The United Nations reports that about 1/3 of the food produced globally each year is lost or wasted, and I'd reckon that number is not too surprising. Those of us in the United States see evidence of waste each time we go out to eat or do a weekly purge of jam-packed refrigerators. Outside the waste, however, there's a greater problem many of us don't realize. Just as the amount of food wasted globally is skyrocketing, the global demand for food is, ironically, set to rise. How will we manage to feed and sustain 9 billion humans estimated to populate planet earth by 2050?
It is one of the marvels of human innovation but artificial intelligence (AI) offers tough competition for us. The days of speculating rain and sunshine may soon fade with artificial intelligence's capability to predict right conditions with precision to an extent. It comprises one of the basic aspects of precision agriculture (PA) promoted even by the government to boost productivity and in turn, farmers' income. AI-based sowing advisories lead to 30 per cent higher yields as Microsoft, in collaboration with ICRISAT, developed an AI Sowing App powered by Microsoft Cortana Intelligence Suite including Machine Learning and Power BI. The app sends sowing advisories to participating farmers on the optimal date to sow without them installing any sensors in their fields or any additional cost; all they need is a phone capable of receiving text messages.
It's estimated that 100 percent of citrus trees over three-years-old in the state of Florida have an incurable, deadly disease. They will wither and die within the next few years. Thankfully, we have a new ally in the fight to save the citrus industry: artificial intelligence. While scientists race to create disease-resistant trees, politicians and activists argue over where we should draw the line with pesticide use. The net result of these efforts may yield optimism for the future, but it shows little hope for farmers today.
It is one of the marvels of human innovation but artificial intelligence (AI) offers tough competition to us. The days of speculating rain and sunshine may soon fade with artificial intelligence's capability to predict right conditions with precision to an extent. It comprises one of the basic aspects of precision agriculture (PA) promoted even by the government to boost productivity and in turn, farmers' income. AI-based sowing advisories lead to 30% higher yields as Microsoft, in collaboration with ICRISAT, developed an AI Sowing App powered by Microsoft Cortana Intelligence Suite including Machine Learning and Power BI. The app sends sowing advisories to participating farmers on the optimal date to sow without them installing any sensors in their fields or any additional cost; all they need is a phone capable of receiving text messages.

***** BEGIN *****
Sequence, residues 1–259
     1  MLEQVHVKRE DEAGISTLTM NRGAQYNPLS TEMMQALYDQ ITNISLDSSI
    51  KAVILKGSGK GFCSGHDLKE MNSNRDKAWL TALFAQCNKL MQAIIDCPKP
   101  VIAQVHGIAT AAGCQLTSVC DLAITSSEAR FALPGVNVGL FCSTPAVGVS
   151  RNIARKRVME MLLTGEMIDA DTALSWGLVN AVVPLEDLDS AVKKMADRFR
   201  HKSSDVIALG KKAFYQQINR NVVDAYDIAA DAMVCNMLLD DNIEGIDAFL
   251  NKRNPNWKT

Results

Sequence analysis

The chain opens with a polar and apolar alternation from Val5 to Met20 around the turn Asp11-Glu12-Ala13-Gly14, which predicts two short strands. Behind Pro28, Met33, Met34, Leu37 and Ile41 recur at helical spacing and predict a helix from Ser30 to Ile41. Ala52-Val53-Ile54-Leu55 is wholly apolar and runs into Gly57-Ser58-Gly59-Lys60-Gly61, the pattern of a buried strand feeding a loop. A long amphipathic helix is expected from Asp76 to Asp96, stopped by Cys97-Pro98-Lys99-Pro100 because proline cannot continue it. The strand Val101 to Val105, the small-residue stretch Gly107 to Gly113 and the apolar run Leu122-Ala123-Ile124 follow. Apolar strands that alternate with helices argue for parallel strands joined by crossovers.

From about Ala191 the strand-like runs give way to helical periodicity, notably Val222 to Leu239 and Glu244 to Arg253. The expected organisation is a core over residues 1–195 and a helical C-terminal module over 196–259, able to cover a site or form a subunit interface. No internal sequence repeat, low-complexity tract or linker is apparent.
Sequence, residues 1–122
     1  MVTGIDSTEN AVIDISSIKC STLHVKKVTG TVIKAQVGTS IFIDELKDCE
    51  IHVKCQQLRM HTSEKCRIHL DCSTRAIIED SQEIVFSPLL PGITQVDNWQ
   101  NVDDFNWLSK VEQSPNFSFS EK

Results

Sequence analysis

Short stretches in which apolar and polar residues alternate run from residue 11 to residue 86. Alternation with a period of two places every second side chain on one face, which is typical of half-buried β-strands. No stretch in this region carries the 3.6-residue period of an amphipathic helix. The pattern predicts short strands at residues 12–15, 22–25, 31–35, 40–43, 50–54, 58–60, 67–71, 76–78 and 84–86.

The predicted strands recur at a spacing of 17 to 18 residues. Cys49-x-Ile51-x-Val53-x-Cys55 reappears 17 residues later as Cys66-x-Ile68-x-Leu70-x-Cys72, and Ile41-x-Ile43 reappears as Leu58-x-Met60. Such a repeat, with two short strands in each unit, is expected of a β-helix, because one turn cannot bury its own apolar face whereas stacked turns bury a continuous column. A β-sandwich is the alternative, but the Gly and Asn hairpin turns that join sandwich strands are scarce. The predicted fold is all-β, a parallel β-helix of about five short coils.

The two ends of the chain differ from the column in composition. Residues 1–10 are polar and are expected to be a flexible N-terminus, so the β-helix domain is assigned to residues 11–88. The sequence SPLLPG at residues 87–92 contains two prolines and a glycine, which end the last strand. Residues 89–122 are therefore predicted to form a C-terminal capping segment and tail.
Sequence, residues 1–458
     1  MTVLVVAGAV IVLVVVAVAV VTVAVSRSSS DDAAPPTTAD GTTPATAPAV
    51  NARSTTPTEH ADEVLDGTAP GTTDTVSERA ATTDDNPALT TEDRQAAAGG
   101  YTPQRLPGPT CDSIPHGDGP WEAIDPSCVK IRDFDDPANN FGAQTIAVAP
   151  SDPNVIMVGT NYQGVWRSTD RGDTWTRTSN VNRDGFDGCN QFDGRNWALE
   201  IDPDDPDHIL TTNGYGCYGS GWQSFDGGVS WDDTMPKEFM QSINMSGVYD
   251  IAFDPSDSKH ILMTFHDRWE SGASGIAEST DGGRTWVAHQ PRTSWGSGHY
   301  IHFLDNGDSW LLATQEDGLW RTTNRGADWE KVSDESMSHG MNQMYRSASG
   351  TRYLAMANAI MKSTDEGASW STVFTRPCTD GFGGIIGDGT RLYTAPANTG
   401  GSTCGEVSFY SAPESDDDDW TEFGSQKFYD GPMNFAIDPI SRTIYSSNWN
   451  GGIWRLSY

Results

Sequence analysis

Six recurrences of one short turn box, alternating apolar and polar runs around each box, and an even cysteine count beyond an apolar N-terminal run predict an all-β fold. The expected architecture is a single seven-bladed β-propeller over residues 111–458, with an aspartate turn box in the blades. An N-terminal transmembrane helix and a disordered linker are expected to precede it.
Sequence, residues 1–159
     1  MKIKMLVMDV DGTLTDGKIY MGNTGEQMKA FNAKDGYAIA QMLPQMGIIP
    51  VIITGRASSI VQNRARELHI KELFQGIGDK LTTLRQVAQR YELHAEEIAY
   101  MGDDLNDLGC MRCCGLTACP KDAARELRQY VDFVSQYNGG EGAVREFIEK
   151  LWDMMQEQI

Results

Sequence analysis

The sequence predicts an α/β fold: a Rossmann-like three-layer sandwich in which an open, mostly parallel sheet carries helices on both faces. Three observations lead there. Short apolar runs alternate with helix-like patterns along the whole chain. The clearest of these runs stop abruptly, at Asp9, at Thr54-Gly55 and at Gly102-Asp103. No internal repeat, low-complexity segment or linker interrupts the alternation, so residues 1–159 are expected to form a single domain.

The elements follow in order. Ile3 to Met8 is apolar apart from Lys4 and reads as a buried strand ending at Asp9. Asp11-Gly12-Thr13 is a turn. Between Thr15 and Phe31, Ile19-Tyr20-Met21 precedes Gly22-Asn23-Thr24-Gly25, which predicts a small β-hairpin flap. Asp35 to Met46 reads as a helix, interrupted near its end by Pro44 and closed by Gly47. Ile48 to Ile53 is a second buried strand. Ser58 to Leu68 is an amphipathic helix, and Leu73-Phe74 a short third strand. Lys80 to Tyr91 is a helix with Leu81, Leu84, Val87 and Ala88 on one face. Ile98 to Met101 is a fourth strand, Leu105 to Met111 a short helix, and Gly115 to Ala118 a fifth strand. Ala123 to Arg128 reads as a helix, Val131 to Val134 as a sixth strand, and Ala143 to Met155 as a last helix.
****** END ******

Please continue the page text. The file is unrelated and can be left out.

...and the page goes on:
Agricultural businesses usually have a massive number of trackable assets (plants, livestock, and machinery), often operate in wide geographic areas in which these assets are located, and are subject to operational factors often beyond their control, such as the amount of sunlight or rainfall they receive, or temperature fluctuations. As such, agriculture is ripe for the adoption of new technologies to help monitor and manage assets on a granular level, and everything from Internet of Things (IoT) sensors, robots, and drones are being used by farms around the globe. The U.S. Department of Agriculture's National Institute of Food and Agriculture notes that the farms of today are avid users of agriculture technologies such as robots, temperature and moisture sensors, aerial imaging, and GPS technology, which are more precise and efficient than humans alone, and allow for safer, more efficient, and more profitable operations. One example of how technology enables new farming techniques is the use of robotic harvesting on indoor farms, which today account for a tiny fraction of the 900 million acres of traditional farmland in the U.S. However, these indoor farms are well suited to the growth of vegetables such as tomatoes, lettuce, and other leafy greens, are highly sustainable, generally feature an average yield per acre more than 10 times higher than that of outdoor farms, and represent a continuation of the agricultural sector's trend toward incorporating precision agriculture techniques to improve yields and become more sustainable.